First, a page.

Diffusers documentation

Reproducible pipelines

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Reproducible pipelines

Diffusion models are inherently random which is what allows it to generate different outputs every time it is run. But there are certain times when you want to generate the same output every time, like when you’re testing, replicating results, and even improving image quality. While you can’t expect to get identical results across platforms, you can expect reproducible results across releases and platforms within a certain tolerance range (though even this may vary).

This guide will show you how to control randomness for deterministic generation on a CPU and GPU.

We strongly recommend reading PyTorch’s statement about reproducibility:

“Completely reproducible results are not guaranteed across PyTorch releases, individual commits, or different platforms. Furthermore, results may not be reproducible between CPU and GPU executions, even when using identical seeds.”

Control randomness

During inference, pipelines rely heavily on random sampling operations which include creating the Gaussian noise tensors to denoise and adding noise to the scheduling step.

Take a look at the tensor values in the DDIMPipeline after two inference steps.

from diffusers import DDIMPipeline
import numpy as np

ddim = DDIMPipeline.from_pretrained( "google/ddpm-cifar10-32", use_safetensors=True)
image = ddim(num_inference_steps=2, output_type="np").images
print(np.abs(image).sum())

Running the code above prints one value, but if you run it again you get a different value.

Each time the pipeline is run, torch.randn uses a different random seed to create the Gaussian noise tensors. This leads to a different result each time it is run and enables the diffusion pipeline to generate a different random image each time.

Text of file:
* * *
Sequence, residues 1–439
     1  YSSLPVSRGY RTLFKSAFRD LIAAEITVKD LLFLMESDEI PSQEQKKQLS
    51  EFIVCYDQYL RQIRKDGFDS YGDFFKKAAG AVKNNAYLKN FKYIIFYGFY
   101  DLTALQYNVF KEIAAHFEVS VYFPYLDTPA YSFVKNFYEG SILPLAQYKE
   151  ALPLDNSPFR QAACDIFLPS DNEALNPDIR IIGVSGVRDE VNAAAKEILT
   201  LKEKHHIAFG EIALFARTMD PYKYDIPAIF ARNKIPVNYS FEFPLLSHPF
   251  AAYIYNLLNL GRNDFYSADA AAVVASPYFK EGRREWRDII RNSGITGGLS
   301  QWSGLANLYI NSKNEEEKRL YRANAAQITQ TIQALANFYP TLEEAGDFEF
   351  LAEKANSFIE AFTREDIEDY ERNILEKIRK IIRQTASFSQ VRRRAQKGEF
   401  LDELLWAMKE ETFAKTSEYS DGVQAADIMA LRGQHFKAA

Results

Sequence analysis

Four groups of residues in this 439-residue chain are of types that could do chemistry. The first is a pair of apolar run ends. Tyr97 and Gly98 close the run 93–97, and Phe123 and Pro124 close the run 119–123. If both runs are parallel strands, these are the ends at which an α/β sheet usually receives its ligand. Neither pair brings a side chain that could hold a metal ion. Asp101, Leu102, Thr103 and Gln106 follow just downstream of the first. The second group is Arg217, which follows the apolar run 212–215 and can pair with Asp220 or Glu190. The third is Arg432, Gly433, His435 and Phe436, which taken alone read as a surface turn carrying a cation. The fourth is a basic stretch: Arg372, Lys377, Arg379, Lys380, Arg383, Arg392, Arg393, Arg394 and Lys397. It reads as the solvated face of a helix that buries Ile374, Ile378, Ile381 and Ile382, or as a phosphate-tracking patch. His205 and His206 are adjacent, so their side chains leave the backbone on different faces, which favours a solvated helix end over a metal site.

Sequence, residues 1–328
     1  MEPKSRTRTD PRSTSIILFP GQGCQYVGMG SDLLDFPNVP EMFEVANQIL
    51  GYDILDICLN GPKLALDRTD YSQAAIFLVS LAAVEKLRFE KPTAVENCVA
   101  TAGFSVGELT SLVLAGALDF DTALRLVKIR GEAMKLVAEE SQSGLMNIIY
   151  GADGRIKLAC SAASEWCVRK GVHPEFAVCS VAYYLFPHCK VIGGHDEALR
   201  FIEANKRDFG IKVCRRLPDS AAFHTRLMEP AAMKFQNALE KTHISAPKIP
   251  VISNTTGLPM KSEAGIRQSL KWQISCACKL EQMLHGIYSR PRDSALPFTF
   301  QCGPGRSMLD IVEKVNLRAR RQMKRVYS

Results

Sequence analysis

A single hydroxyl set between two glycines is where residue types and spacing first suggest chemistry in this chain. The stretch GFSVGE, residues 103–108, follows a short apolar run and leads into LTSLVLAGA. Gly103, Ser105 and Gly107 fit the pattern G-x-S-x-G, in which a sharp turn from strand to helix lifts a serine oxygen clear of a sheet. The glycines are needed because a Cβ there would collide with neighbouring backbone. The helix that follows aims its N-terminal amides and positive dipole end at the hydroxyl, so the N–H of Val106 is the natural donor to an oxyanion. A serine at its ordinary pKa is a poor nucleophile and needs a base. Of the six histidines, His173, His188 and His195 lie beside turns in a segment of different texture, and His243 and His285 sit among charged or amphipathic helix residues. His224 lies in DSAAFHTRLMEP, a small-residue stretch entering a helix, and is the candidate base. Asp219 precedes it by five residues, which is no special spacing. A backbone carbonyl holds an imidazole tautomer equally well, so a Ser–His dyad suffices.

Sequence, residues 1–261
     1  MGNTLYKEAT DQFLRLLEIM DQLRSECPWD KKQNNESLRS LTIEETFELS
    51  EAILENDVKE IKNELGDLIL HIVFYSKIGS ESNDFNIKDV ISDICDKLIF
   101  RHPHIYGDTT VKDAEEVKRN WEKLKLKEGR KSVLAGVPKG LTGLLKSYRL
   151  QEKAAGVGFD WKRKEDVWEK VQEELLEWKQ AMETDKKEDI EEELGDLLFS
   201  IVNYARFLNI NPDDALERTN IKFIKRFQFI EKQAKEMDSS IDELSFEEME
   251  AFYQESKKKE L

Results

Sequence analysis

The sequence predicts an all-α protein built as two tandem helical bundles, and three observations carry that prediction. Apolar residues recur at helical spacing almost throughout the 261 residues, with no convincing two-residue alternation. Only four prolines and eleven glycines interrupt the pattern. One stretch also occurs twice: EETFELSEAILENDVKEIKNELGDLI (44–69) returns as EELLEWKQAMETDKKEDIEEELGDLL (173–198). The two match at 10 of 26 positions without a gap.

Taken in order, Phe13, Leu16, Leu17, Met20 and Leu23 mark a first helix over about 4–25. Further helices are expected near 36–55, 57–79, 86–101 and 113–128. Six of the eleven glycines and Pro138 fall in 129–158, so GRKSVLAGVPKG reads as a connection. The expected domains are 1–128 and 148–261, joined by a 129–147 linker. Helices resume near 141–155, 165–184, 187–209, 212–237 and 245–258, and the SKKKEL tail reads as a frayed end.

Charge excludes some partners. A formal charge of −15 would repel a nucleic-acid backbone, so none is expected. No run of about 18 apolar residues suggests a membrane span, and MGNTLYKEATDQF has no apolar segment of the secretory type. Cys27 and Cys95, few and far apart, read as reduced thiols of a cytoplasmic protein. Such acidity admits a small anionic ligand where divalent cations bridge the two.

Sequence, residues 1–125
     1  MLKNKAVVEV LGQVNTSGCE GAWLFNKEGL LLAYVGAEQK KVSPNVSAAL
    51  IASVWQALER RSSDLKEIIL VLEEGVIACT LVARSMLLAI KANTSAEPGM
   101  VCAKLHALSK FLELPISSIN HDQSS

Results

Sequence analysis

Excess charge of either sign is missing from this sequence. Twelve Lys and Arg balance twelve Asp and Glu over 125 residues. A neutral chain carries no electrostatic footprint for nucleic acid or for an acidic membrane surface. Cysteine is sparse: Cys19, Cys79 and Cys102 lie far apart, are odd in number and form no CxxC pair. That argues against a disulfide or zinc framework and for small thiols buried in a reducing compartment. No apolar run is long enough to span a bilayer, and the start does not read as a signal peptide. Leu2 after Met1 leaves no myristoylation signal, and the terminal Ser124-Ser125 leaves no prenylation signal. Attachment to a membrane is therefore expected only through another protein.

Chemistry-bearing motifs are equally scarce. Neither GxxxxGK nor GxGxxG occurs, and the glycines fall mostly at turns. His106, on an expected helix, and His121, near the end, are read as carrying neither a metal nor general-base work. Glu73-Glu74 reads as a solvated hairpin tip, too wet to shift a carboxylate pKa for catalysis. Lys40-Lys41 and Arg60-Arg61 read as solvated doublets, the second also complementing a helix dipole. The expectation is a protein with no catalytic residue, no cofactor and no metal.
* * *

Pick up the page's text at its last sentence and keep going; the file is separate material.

But if you need to reliably generate the same image, that depends on whether you’re running the pipeline on a CPU or GPU.

It might seem unintuitive to pass Generator objects to a pipeline instead of the integer value representing the seed. However, this is the recommended design when working with probabilistic models in PyTorch because a Generator is a random state that can be passed to multiple pipelines in a sequence. As soon as the Generator is consumed, the state is changed in place which means even if you passed the same Generator to a different pipeline, it won’t produce the same result because the state is already changed.

CPU
GPU

To generate reproducible results on a CPU, you’ll need to use a PyTorch Generator and set a seed. Now when you run the code, it always prints a value of 1491.1711 because the Generator object with the seed is passed to all the random functions in the pipeline. You should get a similar, if not the same, result on whatever hardware and PyTorch version you’re using.

import torch
import numpy as np
from diffusers import DDIMPipeline

ddim = DDIMPipeline.from_pretrained("google/ddpm-cifar10-32", use_safetensors=True)
generator = torch.Generator(device="cpu").manual_seed(0)
image = ddim(num_inference_steps=2, output_type="np", generator=generator).images
print(np.abs(image).sum())

Deterministic algorithms

You can also configure PyTorch to use deterministic algorithms to create a reproducible pipeline. The downside is that deterministic algorithms may be slower than non-deterministic ones and you may observe a decrease in performance.